A more generous and perhaps more accurate assessment of Spanish cartography and related scientific endeavors was offered by an early nineteenth century anonymous British translator, who wrote in his preface to José Ponce y Vargas' Voyage of Discovery to the Strait of Magellan..., "...To mention one branch of scientific literature only, -- I mean what relates to maritime information respecting her dominions, European and American, Spain has done more, and in a more systematic way than all the other Powers of Christendom put together. She has surveyed, by the most able operators, furnished with the best instruments and instructions which England and France could produce, the whole sea coast of those vast regions; and the results she has...laid before the public." 7 The survey of maps made for this guide has confirmed this opinion. The review of maps conducted in various Divisions of the Library of Congress has further affirmed that cartographic knowledge, scientific attainment, and esthetics of presentation are not the exclusive domain of any single nation.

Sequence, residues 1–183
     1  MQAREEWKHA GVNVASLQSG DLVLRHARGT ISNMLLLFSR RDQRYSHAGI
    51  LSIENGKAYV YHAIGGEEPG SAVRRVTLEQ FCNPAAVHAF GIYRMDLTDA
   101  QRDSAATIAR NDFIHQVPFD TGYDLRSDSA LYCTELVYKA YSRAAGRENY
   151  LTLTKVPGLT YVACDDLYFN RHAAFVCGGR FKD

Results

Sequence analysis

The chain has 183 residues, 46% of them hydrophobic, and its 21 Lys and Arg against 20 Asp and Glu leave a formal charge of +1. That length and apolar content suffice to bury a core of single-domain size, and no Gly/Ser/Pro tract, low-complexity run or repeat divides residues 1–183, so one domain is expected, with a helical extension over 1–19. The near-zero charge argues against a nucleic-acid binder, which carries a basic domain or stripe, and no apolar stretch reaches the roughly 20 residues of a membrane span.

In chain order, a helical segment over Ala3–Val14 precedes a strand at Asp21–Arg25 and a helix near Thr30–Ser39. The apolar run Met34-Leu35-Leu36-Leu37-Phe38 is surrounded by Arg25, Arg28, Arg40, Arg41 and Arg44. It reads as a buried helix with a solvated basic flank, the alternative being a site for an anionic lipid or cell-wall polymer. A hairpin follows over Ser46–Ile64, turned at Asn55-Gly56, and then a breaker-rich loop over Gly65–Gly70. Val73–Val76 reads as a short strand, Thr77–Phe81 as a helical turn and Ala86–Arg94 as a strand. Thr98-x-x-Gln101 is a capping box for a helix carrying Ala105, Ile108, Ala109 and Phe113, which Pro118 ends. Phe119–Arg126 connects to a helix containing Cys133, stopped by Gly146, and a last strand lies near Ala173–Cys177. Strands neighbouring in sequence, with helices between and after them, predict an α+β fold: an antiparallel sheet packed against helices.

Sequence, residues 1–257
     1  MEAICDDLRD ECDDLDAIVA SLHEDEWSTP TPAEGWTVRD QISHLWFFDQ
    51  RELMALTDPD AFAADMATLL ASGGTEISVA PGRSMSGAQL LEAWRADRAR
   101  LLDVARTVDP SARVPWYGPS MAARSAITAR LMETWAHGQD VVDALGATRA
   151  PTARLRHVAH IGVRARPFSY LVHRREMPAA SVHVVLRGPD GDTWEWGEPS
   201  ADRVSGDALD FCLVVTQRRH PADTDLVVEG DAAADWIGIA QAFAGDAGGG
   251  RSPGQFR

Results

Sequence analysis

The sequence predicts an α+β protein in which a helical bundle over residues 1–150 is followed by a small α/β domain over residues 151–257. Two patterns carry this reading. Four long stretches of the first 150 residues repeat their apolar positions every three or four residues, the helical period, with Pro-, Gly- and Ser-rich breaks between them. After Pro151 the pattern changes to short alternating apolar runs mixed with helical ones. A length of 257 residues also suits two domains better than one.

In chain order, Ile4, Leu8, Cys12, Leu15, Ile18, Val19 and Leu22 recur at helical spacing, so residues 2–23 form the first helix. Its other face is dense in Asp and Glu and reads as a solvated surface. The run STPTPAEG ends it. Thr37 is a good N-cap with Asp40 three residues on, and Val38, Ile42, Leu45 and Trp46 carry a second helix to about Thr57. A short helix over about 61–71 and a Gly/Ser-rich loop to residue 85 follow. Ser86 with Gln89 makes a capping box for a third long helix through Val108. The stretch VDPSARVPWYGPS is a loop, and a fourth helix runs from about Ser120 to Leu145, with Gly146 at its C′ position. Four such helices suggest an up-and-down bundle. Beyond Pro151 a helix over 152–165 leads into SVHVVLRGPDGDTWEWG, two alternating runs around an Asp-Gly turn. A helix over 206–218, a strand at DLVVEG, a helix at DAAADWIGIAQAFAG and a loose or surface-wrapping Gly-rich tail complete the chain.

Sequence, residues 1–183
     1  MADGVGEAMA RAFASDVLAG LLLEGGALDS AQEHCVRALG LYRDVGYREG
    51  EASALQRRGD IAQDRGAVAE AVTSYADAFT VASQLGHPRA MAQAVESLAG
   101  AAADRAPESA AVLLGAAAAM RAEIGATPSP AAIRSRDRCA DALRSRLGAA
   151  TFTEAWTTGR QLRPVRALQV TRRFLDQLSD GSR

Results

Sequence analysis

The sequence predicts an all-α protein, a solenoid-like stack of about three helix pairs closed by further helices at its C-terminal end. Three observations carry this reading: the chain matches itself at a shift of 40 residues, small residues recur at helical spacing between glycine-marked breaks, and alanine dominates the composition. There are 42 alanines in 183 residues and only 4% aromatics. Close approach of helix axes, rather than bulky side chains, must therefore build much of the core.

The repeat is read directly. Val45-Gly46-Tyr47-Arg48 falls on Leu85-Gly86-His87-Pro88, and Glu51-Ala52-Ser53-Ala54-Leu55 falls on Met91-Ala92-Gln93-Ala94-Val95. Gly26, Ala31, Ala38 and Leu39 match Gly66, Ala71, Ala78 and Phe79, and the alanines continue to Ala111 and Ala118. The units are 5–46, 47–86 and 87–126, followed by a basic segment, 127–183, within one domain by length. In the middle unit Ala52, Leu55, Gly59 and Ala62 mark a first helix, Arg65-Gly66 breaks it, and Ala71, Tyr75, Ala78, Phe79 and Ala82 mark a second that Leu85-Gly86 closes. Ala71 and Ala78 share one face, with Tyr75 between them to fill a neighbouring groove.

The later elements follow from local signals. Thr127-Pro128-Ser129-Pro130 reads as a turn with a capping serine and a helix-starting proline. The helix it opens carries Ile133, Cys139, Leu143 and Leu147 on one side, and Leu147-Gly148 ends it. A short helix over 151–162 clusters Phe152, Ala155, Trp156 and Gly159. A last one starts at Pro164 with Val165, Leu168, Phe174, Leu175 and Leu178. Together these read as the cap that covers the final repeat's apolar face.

This body of materials consists of maps spanning the period from the mid-sixteenth century to 1900. It includes a relatively small number of rare and valuable portolan charts of the sixteenth century, another small group of maps done by the Dutch cartographer, Johannes Vingboons, in the seventeenth century, a rare and valuable world atlas by the Portuguese cartographer João Teixeira of 1630, a large, rich, and varied group of maps from the eighteenth century, and a smaller but varied group of maps from the nineteenth century. Collectively these holdings reflect various stages of Spanish empire building. For instance, a number of detailed, colorful, and well-executed eighteenth century plans of Havana, its harbor, and the Royal Shipyard  attest to the importance of that city as a military hub and as a center of intercontinental commerce and trade. But this collection also sheds light on various aspects of British, French, and U.S. ambition and imperial designs.